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Third Tusker Dies From Herpes Virus At Swiss Zoo

The zoo said they are “dismayed by the tragic sequence of these three deaths” in a statement on the same day.

A third elephant has lost its life to the herpes virus within a month at Zoo Zurich.

Five-year-old elephant cow Ruwani is the latest animal to die in the zoo’s Kaeng Krachan Elephant Park after passing away on the morning of Saturday, July 23.

The zoo said they are “dismayed by the tragic sequence of these three deaths” in a statement on the same day.

Zoo Zurich stated: “In the Kaeng Krachan Elephant Park at Zurich Zoo, a third elephant has succumbed to the herpes virus after two-year-old Umesh and eight-year-old Omysha.

“The five-year-old elephant cow Ruwani died this Saturday morning as a result of the disease caused by the Elephant Endotheliotropic Herpes Virus (EEHV).

“At Zurich Zoo, Ruwani was the third and last elephant between the ages of two and eight to be acutely endangered by the herpes virus.”

Zoo director Severin Dressen said: “Losing a third elephant to this dreaded virus in such a short time is a tragic loss for Zurich Zoo.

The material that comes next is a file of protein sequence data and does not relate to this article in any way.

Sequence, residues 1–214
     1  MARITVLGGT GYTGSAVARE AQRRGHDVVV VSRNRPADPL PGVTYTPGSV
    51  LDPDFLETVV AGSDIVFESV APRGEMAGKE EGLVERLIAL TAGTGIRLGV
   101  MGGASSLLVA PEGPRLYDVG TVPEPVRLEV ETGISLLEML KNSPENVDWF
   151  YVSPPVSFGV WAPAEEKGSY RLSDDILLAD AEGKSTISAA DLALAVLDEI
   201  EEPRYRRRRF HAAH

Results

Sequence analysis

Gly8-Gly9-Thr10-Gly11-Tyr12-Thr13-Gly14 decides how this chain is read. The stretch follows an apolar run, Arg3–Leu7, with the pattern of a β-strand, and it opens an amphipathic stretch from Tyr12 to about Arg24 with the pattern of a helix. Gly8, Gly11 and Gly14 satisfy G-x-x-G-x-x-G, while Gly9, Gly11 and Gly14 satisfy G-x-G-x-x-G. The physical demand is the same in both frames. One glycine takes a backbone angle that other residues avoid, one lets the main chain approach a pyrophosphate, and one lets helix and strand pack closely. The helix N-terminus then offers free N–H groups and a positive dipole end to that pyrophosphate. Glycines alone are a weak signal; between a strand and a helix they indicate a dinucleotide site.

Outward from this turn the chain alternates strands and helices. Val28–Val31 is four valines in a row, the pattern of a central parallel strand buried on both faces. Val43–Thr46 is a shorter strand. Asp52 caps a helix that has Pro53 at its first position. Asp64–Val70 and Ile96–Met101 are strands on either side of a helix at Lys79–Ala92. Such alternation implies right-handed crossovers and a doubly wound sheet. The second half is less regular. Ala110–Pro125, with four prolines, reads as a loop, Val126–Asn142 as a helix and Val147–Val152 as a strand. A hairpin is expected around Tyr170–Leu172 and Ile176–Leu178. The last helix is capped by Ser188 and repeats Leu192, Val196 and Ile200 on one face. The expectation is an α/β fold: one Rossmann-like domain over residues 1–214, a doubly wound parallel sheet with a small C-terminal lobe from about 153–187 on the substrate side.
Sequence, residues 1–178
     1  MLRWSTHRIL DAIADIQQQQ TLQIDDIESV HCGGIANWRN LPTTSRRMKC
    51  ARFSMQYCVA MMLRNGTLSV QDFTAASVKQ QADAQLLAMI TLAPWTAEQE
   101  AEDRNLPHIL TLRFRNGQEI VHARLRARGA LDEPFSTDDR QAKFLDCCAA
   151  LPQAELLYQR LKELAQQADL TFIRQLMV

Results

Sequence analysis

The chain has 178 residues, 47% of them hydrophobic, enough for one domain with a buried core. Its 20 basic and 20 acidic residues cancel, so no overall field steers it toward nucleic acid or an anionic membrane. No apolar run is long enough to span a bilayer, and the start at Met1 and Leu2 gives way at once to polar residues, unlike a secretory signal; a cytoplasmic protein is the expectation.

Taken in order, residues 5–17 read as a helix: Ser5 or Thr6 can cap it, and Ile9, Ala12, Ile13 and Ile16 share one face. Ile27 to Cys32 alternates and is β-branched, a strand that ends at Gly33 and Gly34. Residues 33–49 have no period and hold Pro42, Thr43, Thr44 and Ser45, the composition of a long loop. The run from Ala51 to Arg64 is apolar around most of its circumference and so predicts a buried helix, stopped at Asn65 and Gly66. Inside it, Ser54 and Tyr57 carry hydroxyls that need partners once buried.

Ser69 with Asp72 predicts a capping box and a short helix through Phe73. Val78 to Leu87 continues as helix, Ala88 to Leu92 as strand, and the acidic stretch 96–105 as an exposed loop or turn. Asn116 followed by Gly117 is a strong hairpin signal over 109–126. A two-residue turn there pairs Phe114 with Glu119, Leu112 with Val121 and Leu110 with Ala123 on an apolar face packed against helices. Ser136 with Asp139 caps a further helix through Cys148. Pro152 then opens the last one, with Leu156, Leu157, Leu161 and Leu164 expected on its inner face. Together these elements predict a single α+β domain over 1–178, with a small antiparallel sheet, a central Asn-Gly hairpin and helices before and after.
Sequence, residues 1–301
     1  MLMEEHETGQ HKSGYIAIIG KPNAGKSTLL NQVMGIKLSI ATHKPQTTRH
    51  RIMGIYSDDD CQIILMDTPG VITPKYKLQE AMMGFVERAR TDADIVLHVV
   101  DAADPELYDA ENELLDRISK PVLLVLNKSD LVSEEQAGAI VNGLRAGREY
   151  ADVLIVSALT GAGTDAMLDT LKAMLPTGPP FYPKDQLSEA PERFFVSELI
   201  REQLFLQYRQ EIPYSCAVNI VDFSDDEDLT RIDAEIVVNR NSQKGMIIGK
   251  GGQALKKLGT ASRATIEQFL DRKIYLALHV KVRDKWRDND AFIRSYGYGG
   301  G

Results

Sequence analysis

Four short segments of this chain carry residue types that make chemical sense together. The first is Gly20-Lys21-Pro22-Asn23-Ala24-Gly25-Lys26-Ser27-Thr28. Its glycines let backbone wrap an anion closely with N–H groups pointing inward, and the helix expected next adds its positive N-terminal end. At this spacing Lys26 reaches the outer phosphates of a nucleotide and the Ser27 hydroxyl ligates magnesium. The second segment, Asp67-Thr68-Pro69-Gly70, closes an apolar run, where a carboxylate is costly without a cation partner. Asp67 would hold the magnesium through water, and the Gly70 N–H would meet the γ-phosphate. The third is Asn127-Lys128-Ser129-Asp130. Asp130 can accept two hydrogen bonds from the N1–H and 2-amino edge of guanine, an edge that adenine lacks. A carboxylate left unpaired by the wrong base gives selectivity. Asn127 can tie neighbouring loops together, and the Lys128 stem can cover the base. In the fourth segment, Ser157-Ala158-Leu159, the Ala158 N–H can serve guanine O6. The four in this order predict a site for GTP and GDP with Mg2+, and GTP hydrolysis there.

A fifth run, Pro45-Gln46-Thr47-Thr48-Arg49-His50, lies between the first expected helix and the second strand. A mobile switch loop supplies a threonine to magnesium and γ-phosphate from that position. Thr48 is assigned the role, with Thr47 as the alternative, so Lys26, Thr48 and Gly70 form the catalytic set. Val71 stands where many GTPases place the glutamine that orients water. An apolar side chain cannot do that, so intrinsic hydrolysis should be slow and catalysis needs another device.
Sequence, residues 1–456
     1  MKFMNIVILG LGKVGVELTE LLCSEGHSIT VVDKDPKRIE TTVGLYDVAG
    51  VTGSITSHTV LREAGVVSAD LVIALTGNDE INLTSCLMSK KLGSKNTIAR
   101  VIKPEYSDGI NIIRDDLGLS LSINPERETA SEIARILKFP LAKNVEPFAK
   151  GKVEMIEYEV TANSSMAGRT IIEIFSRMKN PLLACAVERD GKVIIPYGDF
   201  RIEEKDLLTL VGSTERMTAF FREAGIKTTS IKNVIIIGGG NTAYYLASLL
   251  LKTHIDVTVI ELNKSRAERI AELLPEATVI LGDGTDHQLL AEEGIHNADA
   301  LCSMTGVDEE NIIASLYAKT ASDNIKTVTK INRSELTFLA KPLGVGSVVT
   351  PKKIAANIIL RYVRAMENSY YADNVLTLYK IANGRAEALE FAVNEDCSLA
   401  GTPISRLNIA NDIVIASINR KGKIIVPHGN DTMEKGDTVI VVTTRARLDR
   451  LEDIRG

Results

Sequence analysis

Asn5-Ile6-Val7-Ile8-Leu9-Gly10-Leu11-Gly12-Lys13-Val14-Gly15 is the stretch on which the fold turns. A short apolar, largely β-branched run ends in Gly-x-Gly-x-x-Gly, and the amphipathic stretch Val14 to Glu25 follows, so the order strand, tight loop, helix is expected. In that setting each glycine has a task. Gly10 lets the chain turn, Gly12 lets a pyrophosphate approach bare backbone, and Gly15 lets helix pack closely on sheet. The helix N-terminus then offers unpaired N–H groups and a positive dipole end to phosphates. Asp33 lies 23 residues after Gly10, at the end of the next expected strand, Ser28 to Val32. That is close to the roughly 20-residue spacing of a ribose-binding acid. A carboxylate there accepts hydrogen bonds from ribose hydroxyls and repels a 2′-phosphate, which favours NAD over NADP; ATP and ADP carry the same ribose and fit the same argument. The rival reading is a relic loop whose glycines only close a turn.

“For us as a zoo, it is particularly frustrating that we are powerless against the virus despite the best veterinary care from the Zurich University Animal Hospital.”

Together with her mother Farha and grandmother Ceyla-Himali, Ruwani formed one of the two matriarchal groups of elephants at the Swiss zoo. Umesh and Omysha formed the other group along with their mother Indi and sister Chandra.

Ruwani in the water in undated photo at the Zurich Zoo, Switzerland. (Zurich Zoo, Enzo Franchini/Zenger)

The zoo said: “Ruwani showed no signs of illness until yesterday. In the days before, her viral load had fluctuated between higher and lower values. Basically, most elephants, whether in zoos or in the wild, carry this herpes virus. Young animals are likely to be infected by older animals in the group.

“Regular brief exposure to the virus ensures that young elephants develop antibodies against it over time. The research is still largely unclear on what actually leads to the outbreaks of this dreaded virus in young elephants.

Elephants in the Zurich Zoo, Switzerland, in a screenshot from an undated video. (Zurich Zoo, Nicole Schnyder/Zenger).

“Elephants are particularly susceptible to becoming seriously ill from a herpes virus flare-up between the ages of two and around eight years. During this time, the protection provided by the mother’s antibodies decreases and the immune system may not have formed its own antibodies.”

The zoo added: “After Ruwani’s death, Farha became the youngest elephant at Zurich Zoo at the age of 17. The zoo assumes that there is only a low risk of disease for the five remaining elephants. The remaining animals will continue to be medically monitored.”

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